According to Notes on Using ARIA in HTML (version dated May 21, 2015), the first rule of ARIA reads, in part:
If you can use a native HTML element [HTML51] or attribute with the semantics and behavior you require already built in, instead of re-purposing an element and adding an ARIA role, state or property to make it accessible, then do so.
What this means, in practice, is that you should use native HTML whenever possible, such as for links and buttons. Other rules include:
You will certainly want to review Notes on Using ARIA, along with the other Resources included on this page, to understand the context of these rules. But they should give you a sense that ARIA needs to be implemented with care.
When you provide ARIA roles, states, and properties to build your web-based application#39's user interface, you are able to provide user of assistive technology with an accessible interactive experience. ARIA roles, states, and properties convey the semantics in a widget. For example, an end-user is able to know the state of a checkbox. Is it checked, unchecked, or partially checked? An end-user can identify which tab has been selected, whether a button to expand or collapse content has been pressed, or whether an option has been disabled.
At least at this time, WAI-ARIA is primarily helpful to screen reader users, although those who use voice input, such as Dragon Naturally Speaking, are beginning to be able to take advantage of it, too. Correctly implementing ARIA requires that the rendered output be tested. It is critical to assure that the assistive technology, browser, Document Object Model (DOM), and accessibility tree are all working together effectively. As a result, it will be important to conduct Screen Reader Testing on your ARIA content. In addition, browsers and assistive technologies handle some ARIA features differently, so if you do not get the results you expect, you may need to research the issue. Asking questions on the Web AIM discussion group is a good place to start.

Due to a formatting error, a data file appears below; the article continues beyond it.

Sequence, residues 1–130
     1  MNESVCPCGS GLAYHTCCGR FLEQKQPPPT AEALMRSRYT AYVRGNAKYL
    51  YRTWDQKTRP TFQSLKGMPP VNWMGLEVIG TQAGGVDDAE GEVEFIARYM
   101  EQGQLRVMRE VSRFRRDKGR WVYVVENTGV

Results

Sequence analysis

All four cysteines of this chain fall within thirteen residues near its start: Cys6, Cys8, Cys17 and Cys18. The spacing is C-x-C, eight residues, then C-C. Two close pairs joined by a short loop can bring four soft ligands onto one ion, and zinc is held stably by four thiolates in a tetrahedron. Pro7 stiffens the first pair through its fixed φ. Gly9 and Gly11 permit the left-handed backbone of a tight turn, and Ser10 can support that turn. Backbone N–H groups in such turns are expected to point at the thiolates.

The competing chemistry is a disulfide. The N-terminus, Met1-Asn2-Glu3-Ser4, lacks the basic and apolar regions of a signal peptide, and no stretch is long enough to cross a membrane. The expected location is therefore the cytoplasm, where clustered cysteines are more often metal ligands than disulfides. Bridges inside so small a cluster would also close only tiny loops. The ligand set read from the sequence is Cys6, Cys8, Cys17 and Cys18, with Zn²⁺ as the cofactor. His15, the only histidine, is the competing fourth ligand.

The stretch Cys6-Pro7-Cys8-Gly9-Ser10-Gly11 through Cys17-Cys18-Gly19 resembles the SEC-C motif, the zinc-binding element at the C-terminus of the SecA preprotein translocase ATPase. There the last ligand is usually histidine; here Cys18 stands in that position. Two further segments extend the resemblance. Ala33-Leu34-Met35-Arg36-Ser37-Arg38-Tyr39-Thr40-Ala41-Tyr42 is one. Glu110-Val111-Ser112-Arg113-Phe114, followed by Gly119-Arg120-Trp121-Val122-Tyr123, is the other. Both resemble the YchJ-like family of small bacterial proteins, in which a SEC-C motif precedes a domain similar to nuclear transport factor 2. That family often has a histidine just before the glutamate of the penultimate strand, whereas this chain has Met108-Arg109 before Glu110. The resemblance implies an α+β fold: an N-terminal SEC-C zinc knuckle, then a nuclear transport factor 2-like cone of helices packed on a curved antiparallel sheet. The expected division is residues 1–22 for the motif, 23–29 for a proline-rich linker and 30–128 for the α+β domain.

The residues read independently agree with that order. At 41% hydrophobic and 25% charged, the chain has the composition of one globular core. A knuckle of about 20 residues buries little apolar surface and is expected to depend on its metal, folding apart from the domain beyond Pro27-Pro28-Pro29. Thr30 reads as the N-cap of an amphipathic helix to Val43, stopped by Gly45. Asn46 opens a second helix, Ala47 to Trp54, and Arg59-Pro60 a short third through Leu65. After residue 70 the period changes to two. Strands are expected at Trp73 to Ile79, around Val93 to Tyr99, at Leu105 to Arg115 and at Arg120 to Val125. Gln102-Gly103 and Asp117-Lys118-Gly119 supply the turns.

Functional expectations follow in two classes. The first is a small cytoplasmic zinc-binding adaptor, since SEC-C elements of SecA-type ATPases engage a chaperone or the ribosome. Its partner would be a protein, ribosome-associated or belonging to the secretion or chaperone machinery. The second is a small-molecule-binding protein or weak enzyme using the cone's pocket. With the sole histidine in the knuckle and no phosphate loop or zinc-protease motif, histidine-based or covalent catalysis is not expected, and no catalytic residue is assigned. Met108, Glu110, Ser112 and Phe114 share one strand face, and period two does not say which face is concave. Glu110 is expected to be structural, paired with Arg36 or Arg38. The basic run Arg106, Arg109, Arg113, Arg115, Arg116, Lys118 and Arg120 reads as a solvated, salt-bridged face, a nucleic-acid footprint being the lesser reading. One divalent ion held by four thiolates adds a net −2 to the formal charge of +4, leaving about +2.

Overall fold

This topic can be somewhat complicated, especially because the accessibility landscape continues to evolve. On this page, we are providing a very basic overview, with links to what are expected to be stable resources. But the best way to understand ARIA is to receive virtual or face-to-face hands-on training where you can work with code and test with desktop and mobile screen readers. Please consult the Training page and/or contact us to inquire about ARIA-related training on campus.
Before you leave this page, you will want to get a sense of the the current ARIA 1.0 documents from the W3C, as well as pointers to ARIA 1.1, which is on the horizon. Even if you find reading specifications dull and boring, especially when it comes to ARIA, you will benefit by familiarizing yourself by at least skimming some of the documentation. Simply copying and pasting from code samples is not a guarantee of success. The code samples will help you move in the right direction, but knowing what they mean and how to test them effectively is essential.
The WAI-ARIA Landmarks and WAI-ARIA Widgets pages address these two topics in a bit more detail. The WAI-ARIA Widgets page provides links to articles about several common widgets and can be useful instead of, or in addition to, the ARIA samples included on the Patterns page, depending on your needs.
While implementing ARIA can be a challenge, it is absolutely critical that you know when it is necessary and to implement it correctly. ARIA is not a "magic accessibility bullet," but when it is implemented strategically, it can turn a frustratingly unusable application into a delightful experience for end-users of assistive technologies.